, Volume 14, Issue 2, pp 115-140
Date: 11 Sep 2012

The Role of Iron in Neurodegeneration

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Abstract

Although the aetiology of Parkinson’s disease (PD) and related neurodegenerative disorders is still unknown, recent evidence from human and experimental animal models suggests that a misregulation of iron metabolism, iron-induced oxidative stress and free radical formation are major pathogenic factors. These factors trigger a cascade of deleterious events leading to neuronal death and the ensuing biochemical disturbances of clinical relevance.

A review of the available data in PD provides the following evidence in support of this hypothesis: (i) an increase of iron in the brain, which in PD selectively involves neuromelanin in substantia nigra (SN) neurons; (ii) decreased availability of glutathione (GSH) and other antioxidant substances; (iii) increase of lipid peroxidation products and reactive oxygen (O2)species (ROS); and (iv) impaired mitochondrial electron transport mechanisms. Most of these changes appear to be closely related to interactions between iron and neuromelanin, which result in accumulation of iron and a continuous production of cytotoxic species leading to neuronal death.

Some of these findings have been reproduced in animal models using 6-hydroxydopamine, N-methyl-4-phenyl-1,2,3,6-tetrahydropyridine (MPTP), iron loading and β-carbolines, although none of them is an accurate model for PD in humans. Although it is not clear whether iron accumulation and oxidative stress are the initial events causing cell death or consequences of the disease process, therapeutic efforts aimed at preventing or at least delaying disease progression by reducing the overload of iron and generation of ROS may be beneficial in PD and related neurodegenerative disorders.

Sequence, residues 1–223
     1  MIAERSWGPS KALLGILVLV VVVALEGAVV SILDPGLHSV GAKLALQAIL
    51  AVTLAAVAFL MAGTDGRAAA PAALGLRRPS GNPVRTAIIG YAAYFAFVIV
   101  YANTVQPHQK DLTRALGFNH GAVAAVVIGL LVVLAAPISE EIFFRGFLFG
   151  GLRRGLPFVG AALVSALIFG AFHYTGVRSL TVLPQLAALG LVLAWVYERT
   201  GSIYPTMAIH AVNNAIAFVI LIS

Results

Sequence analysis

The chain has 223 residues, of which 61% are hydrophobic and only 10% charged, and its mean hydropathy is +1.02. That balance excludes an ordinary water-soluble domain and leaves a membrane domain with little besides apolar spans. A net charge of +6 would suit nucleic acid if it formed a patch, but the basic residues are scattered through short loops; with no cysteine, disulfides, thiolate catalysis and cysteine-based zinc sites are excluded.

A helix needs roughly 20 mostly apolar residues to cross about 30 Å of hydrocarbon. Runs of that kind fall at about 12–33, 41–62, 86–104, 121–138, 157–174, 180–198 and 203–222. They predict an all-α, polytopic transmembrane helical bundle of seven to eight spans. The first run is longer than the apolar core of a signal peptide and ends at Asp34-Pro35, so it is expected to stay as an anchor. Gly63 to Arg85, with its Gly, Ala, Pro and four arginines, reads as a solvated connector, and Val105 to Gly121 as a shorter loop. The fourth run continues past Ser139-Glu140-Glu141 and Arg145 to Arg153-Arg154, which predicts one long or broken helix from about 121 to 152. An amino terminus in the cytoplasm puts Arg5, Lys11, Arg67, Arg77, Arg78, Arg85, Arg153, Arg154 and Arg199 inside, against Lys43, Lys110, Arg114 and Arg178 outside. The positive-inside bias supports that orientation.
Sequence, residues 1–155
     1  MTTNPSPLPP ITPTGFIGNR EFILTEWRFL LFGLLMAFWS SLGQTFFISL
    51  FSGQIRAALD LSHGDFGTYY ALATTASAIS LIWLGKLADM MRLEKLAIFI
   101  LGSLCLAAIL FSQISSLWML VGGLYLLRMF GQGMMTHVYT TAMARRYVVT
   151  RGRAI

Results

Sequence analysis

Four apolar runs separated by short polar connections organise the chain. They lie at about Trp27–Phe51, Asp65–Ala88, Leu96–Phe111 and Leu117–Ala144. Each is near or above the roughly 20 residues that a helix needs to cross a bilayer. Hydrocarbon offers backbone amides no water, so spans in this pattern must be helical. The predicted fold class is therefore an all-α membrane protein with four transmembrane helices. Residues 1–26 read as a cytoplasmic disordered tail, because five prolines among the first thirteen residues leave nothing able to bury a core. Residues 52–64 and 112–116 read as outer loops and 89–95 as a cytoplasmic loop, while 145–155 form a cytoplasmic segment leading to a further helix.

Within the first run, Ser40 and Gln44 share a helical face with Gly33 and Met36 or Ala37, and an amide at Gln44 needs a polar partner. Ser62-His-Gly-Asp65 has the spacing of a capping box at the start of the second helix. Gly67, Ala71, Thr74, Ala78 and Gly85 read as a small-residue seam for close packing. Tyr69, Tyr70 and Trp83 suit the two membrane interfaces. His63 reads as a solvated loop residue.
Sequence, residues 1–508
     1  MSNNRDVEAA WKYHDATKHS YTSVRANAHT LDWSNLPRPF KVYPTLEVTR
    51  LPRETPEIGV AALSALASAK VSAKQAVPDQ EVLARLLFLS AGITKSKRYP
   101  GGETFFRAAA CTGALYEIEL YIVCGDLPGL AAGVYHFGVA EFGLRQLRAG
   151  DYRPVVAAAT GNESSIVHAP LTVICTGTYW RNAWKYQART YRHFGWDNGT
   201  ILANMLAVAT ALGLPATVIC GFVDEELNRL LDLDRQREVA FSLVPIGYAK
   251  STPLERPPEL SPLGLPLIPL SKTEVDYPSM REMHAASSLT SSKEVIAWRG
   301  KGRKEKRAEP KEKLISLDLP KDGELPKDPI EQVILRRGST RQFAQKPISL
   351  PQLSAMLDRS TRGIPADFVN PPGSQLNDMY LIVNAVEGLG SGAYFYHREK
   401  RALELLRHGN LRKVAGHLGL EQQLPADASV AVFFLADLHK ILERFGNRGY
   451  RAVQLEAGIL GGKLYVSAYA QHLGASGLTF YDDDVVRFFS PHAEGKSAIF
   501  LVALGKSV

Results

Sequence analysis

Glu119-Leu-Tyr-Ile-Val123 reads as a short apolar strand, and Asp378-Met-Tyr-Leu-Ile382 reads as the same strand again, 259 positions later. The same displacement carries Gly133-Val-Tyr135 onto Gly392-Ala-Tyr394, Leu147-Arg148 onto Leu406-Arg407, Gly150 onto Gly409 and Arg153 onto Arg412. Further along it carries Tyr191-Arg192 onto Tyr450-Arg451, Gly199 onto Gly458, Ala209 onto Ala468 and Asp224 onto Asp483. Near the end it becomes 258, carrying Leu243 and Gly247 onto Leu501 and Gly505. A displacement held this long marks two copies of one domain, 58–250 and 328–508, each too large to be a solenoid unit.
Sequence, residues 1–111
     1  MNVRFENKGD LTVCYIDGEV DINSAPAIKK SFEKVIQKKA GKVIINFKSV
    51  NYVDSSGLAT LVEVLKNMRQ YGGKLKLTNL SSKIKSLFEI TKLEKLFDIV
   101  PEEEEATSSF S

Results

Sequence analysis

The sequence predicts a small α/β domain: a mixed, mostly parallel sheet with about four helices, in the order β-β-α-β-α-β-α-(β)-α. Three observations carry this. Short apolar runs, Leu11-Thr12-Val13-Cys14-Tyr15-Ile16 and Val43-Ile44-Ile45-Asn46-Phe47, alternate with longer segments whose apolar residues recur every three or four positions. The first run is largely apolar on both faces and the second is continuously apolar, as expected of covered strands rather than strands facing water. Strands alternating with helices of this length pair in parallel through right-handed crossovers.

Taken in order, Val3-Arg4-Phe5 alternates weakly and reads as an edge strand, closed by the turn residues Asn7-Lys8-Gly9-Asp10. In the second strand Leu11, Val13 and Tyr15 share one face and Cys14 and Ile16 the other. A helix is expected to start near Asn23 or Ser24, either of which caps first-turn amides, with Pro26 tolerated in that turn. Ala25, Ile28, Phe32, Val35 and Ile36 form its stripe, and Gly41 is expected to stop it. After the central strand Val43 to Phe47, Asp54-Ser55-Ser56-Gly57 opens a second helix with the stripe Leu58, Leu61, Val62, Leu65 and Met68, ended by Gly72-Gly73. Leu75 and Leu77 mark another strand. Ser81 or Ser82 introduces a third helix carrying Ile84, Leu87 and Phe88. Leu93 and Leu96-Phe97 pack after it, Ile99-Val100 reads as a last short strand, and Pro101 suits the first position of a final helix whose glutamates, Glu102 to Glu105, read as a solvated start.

Current pharmacotherapy of PD, in addition to symptomatic levodopa treatment, includes ‘neuroprotective’ strategies with dopamine agonists, monoamine oxidase-B inhibitors (MAO-B), glutamate antagonists, catechol O-methyltransferase inhibitors and other antioxidants or free radical scavengers. In the future, these agents could be used in combination with, or partly replaced by, iron chelators and lazaroids that prevent iron-induced generation of deleterious substances. Although experimental and preclinical data suggest the therapeutic potential of these drugs, their clinical applicability will be a major challenge for future research.